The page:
The Friend Family farm in Gloucester, Massachusetts

Exchange of emails regarding the Friend Family Farm in Gee, Gloucester Ma.


 Matt Friend <> wrote: I have attached some photos of the house in Gloucester, MA on Gee Ave our family used to own. The oldest one is probably form the 1880s. In it are my 2nd great grandparents (on the left) Lemuel Friend and Mary Friend (nee Rowe). And on the right my great grandfather William Friend’s brother and sister Albert and Eva. The color photo is my dad Russ Friend in 1984 in front of the same house.


Russ wrote :- I believe my son, Matt, has a scanned photo of the Gloucester farm home my father and uncles were born in. It was built in the 1690s. After my grandfather’s accidental death in 1926, my grandmother had to move and get a job in a shoe factory. My dad and uncles were little kids (William born 1918, my dad Charles born in 1921, and Richard born in 1924). The home changed hands multiple times since then. I saw it as a kid in the early 1960s and later in 1982. It currently has more modern appearance and an addition. The farm property was taken by Gloucester and turned into a reservoir.

Will F wrote –

Thankyou Matt , for sending photos of the Friend Family farm in Gloucester , Massachusetts. 

Dear Russ , that’s a sad story about your grandparents etc. . What was the name of the farmhouse ?Its nice to know its still standing . It would be nice to ‘google’ it .

Louise , George and Lizzie were driving back from Maine yesterday and found the site of the Friend Mill.

Russ Friend Wrote

I’m glad they found the mill. The home in Gloucester is at:  41 Gee Avenue,  Gloucester, MA

The salt-box style addition was added after the 1950s by one of its many different owners. The original home now has a red front door, red cedar clapboard siding, and modern 6-over-6 pane windows. The image on Google maps was from 2013. Also, the property is completely landscaped. When I last saw it in about 1982, it was not as surrounded with so many bushes and the chimney appears to have been replaced. They used to put the year it was built on the top of the chimney.

W.F wrote

 The interesting thing is how similar that farmhouse design , matches my that of my own . The New England houses used more weatherboarding – as timber was in abundant supply , whereas the in Kent and Essex , weatherboarding was mostly on the farm and fishing buildings, near the coasts, using imported Scandinavian softwoods .   The other difference was that the American houses had an central brick chimney breast acting as a storage heater for the whole house , whereas Georgian houses had the chimneys on the gable ends . However the older Kentish cottages,  did also have this central chimney breast  . I have a 10ft square one between my older kitchen , and the later extension/rebuild . I even have a similar roadside wall along my frontage , all be it flints and brick , not granite.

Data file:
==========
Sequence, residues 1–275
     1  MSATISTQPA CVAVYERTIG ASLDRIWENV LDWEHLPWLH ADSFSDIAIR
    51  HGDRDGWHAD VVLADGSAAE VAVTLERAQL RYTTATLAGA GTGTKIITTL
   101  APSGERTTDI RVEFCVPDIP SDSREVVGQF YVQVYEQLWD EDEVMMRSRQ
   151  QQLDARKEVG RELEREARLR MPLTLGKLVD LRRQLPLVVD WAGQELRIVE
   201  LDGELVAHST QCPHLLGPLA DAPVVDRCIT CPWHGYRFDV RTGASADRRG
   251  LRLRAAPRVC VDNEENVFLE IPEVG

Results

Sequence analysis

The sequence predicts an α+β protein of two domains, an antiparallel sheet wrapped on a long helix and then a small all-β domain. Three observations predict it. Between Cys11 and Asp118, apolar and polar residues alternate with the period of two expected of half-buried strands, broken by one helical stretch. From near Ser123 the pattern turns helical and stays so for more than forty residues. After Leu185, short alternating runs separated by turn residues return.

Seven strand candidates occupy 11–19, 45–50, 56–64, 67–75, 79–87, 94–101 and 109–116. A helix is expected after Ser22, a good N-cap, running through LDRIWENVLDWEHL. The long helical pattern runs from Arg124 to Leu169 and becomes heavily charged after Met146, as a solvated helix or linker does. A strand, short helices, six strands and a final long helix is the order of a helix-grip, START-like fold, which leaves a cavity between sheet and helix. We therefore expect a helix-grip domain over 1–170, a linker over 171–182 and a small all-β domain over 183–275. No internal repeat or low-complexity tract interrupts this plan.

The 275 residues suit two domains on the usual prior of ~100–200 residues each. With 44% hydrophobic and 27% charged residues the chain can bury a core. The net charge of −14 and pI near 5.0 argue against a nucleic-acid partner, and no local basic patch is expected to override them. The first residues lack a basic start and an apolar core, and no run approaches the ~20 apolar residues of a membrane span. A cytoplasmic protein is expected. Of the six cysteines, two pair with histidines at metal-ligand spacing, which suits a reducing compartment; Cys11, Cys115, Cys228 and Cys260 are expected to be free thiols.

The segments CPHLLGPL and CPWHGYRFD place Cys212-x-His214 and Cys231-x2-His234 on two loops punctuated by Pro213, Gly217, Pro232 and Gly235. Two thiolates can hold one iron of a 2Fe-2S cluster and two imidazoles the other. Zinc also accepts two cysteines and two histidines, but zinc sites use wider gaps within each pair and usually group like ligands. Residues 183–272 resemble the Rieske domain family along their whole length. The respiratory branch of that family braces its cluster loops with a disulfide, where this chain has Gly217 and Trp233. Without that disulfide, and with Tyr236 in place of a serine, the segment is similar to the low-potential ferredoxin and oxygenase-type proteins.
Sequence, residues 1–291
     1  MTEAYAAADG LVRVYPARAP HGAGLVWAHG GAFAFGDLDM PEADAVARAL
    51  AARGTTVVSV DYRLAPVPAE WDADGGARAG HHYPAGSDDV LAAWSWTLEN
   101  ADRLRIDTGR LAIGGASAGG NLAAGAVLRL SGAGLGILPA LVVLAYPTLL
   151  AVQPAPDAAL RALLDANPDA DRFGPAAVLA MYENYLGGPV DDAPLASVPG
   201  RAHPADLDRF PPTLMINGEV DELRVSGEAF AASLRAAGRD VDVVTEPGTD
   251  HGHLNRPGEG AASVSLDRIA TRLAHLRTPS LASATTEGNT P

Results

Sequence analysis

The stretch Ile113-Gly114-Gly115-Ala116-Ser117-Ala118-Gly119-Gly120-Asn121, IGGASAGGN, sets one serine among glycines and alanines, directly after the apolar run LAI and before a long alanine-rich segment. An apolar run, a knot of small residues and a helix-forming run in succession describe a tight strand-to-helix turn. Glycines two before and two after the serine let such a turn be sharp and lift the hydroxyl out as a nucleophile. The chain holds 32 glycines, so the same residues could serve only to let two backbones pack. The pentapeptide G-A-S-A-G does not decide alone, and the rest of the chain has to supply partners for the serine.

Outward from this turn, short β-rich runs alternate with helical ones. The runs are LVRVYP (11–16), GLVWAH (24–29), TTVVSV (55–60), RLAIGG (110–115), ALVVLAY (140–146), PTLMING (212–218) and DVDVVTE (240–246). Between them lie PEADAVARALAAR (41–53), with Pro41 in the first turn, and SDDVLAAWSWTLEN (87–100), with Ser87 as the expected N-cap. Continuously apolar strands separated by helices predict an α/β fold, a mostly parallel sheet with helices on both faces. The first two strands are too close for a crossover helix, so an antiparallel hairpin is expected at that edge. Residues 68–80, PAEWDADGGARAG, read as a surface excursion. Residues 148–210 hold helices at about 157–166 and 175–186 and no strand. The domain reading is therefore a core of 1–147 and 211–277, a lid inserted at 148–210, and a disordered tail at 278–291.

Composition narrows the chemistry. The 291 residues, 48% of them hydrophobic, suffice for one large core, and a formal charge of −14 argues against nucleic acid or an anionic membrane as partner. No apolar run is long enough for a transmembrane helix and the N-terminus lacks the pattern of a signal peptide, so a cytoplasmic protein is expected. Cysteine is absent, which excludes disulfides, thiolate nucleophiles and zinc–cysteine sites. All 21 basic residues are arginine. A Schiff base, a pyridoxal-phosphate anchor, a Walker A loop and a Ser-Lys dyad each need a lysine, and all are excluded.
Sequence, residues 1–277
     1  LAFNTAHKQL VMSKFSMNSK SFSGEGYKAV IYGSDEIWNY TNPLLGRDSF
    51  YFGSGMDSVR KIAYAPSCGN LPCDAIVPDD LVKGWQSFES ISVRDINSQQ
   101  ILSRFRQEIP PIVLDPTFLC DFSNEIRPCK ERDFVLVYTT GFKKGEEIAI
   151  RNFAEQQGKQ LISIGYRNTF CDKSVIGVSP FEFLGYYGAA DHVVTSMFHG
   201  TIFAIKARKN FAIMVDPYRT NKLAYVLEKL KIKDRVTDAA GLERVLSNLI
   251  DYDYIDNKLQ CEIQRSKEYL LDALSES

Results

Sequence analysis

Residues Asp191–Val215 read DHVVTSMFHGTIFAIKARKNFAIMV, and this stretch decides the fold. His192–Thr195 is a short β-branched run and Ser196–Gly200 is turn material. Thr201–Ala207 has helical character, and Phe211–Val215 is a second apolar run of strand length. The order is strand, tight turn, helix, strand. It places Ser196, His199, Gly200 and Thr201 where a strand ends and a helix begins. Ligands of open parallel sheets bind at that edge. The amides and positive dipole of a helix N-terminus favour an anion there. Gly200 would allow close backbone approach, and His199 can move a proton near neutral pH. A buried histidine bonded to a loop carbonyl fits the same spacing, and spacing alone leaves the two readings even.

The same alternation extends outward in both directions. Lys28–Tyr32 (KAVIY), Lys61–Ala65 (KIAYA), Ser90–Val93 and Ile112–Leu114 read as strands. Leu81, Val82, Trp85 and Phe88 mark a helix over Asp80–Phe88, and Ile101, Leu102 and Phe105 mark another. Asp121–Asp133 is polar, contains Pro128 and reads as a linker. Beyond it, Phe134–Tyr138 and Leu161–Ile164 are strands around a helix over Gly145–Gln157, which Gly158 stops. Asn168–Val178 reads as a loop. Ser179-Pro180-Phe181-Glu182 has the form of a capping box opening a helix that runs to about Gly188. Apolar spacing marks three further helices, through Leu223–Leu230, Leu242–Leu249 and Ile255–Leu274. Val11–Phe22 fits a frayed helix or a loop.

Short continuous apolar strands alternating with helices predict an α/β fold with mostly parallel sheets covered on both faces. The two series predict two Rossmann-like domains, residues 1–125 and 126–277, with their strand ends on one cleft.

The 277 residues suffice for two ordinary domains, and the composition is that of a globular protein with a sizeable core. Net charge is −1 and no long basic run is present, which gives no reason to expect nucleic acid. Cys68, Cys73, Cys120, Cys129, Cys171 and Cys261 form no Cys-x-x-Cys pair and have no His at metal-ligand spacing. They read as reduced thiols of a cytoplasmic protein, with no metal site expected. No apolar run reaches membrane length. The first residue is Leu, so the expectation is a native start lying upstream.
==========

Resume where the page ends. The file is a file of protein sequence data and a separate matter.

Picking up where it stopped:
Russ wrote :- Hi Will,

W F This area of East Kent was very ‘low church’ , and Charles 1st ‘s archbishop , Archbishop Laud was very ‘high’ Anglican – and particularly hated – insisting on the use of the prayer book in church services – this was a particular issue in Scotland with the Presbyterians , during this period and again in the time of James II . James I/VI  was less dogmatic and reached an understanding with the scots Presbyterians  and entered into a ‘covenant’ with them- they would support the crown , if they were left to worship  according to their own conscience . Charles I and James II both in turn went back on this covenant with disastrous consequences !. English Congregations were all within ‘the Church of England’ and were not free to break away and clergy had to follow the services in the form dictated from Canterbury (just up the road). Some congregations met illegally in the fields to worship , although they also had to attend services in church, as well. All the various Thanet families were resolutely parliamentarian during the civil war. Larger farmers such as Francis Tomlin , had their own militia of their neighbours, family and staff . There was a divide between the enterprising/free thinking  yeoman farmers, merchants, etc. – in the eastern , coastal and midlands industrial areas , and the landowners and their tenants in the West country , Wales, etc. , and in Scotland between the Protestant east Coast and Borders and the Catholic Western Isles and Highlands .  


Dear Rusty , I have been reading up about the friend tide mill and John’ the carpenter’ friend.  I thought you would be interested in an article about Simon Sackett, from the Sackett Family association , who came out at the same time with Winthrop , from the same place . They probably knew each other , and may have been related – as I am – I am as much Sackett as Friend , and the Farm here came to me from the Sackett line . My father always said that members of both families ‘signed the boston charter’ at the start of the colony . Two Richard Sacketts owned and lived at  ‘East Northdown’ through the early to Mid 1700’s as well as owning ‘Sackett’s Hill’ in St Peters in Thanet, my 5 and 6 x gt grandfathers . The head of the Friend Family at Brooksend Farm . Birchington Thanet , were called John over several successive generations at the same time . I see the Wenham Friends were also called John over three successive generations – this cannot be a co-insidence !